A closer look at the odious debts doctrine

(November 11, 2009) The Akiton Finanzplatz Schweiz, an independent network that monitors the Swiss financial system, has today released a book detailing both doctrine of odious debts and ways countries and organizations can challenge illegitimate debts. The book, “How to Challenge Illegitimate Debt. Theory and Legal Case Studies,” will be available November 11 at 1 pm Geneva time for a free download.

How to Challenge Illegitimate Debt: Theory and Legal Case Studies

(November 11, 2009) Despite multilateral initiatives such as the Heavily Indebted Poor Countries (HIPC) initiative and the Multilateral Debt Relief Initiative (MDRI), in 2007 the world’s developing countries still spent a combined total of approximately USD 1.5 billion every day on external debt servicing. Amongst their number are the poorest countries in the world; these low income countries spent around USD 34 million every day on external debt servicing.1 In the current global financial crisis, many of the countries which have benefited from debt relief in recent years now face substantial risk of new debt distress.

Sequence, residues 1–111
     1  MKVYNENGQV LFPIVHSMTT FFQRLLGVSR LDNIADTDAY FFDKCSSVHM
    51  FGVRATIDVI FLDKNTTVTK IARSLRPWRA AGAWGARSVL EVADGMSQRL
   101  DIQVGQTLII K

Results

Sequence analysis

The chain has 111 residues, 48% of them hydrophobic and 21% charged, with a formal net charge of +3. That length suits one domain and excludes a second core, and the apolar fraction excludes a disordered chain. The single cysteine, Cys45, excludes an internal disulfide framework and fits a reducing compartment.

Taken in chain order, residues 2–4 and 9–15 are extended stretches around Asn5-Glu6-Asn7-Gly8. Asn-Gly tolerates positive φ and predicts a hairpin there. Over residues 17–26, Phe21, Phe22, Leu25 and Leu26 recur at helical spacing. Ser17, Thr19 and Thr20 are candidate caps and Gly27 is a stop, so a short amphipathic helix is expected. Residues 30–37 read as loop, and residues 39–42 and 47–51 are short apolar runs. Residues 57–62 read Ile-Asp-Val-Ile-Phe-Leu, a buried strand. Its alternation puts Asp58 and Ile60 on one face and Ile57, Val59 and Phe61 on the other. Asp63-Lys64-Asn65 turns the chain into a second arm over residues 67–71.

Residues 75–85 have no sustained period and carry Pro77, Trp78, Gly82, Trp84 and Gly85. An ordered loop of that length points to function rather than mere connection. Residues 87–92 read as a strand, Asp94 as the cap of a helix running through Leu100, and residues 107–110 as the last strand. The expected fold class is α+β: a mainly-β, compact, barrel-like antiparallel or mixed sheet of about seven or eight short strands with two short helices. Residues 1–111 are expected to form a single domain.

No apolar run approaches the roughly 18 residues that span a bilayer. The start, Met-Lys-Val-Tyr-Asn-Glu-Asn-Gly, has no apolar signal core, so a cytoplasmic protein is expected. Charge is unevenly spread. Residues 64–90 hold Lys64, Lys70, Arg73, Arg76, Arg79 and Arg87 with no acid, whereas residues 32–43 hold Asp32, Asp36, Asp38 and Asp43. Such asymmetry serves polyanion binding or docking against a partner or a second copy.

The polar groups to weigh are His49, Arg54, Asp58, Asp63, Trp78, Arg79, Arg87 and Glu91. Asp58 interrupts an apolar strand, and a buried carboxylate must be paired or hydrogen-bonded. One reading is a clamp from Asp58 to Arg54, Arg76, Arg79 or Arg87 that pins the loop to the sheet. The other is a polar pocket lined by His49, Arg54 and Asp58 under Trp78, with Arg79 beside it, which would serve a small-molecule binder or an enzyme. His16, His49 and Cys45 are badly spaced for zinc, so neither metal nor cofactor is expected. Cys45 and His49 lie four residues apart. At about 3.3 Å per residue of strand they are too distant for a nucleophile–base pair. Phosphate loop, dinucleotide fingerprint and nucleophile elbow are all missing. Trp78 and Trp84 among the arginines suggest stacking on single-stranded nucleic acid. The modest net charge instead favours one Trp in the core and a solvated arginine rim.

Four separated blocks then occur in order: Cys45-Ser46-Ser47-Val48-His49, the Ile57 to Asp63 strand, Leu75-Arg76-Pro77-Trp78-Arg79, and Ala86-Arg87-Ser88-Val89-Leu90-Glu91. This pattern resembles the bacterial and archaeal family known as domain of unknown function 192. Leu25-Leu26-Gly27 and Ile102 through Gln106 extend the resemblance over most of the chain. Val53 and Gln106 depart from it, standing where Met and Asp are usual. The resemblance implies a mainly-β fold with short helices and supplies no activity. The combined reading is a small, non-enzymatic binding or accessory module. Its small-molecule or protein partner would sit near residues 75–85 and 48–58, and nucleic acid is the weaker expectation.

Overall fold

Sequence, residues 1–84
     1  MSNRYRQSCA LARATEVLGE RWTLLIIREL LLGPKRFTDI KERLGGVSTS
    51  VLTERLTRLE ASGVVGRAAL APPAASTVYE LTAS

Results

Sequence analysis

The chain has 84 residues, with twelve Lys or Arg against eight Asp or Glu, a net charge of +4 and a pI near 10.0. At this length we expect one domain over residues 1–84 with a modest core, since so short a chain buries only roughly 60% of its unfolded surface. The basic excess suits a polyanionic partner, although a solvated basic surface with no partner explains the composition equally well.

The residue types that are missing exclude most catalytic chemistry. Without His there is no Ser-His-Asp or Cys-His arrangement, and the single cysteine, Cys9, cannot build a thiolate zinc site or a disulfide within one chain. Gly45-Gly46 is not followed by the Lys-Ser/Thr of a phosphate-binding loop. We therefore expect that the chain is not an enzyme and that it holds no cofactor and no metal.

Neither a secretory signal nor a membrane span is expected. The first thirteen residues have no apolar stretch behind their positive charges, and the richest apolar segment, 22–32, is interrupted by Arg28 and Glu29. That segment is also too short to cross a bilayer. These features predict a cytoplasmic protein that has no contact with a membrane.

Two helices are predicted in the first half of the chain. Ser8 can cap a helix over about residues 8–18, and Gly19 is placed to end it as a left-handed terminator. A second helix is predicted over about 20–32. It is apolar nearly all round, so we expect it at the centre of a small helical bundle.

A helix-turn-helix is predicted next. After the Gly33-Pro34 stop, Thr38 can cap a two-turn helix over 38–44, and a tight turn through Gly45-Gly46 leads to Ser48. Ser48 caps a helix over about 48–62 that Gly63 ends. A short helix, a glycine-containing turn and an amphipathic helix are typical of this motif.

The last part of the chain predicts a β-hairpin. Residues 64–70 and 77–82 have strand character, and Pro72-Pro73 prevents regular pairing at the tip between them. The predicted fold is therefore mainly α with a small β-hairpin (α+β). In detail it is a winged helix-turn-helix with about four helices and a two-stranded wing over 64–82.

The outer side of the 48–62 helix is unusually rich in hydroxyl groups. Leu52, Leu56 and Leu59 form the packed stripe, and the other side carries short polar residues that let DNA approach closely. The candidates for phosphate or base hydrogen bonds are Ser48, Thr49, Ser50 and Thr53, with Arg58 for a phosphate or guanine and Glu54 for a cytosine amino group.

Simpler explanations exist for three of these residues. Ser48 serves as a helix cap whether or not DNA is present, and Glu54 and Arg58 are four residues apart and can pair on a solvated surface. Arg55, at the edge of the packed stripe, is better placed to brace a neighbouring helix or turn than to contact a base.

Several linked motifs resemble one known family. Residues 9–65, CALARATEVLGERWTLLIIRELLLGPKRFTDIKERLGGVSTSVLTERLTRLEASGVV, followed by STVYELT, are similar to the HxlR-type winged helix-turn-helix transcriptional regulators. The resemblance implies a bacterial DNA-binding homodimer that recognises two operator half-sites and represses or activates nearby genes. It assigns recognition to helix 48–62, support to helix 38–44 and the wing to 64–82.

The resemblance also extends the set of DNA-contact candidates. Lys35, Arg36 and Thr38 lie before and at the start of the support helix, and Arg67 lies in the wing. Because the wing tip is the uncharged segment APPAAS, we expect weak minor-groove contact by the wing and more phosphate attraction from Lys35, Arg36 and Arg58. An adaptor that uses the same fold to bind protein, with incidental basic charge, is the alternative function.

Needed: Economists, not accountants, to manage the Philippine economy

(October 21, 2009) A recent article in the Filipino broadsheet Business Mirror by Walden Bello – a Member of the House of Representatives – suggests that one way to spur the country’s economy would be to renegotiate some of its debts with creditors. Mr. Bello says the mood for refusing to pay back odious debts or for declaring moratoria on debt repayments has never been higher. Because of this sentiment, the government should look for ways to either suspend debts payments, or seek ways to eliminate this debt, as some of it was taken under suspicious circumstances.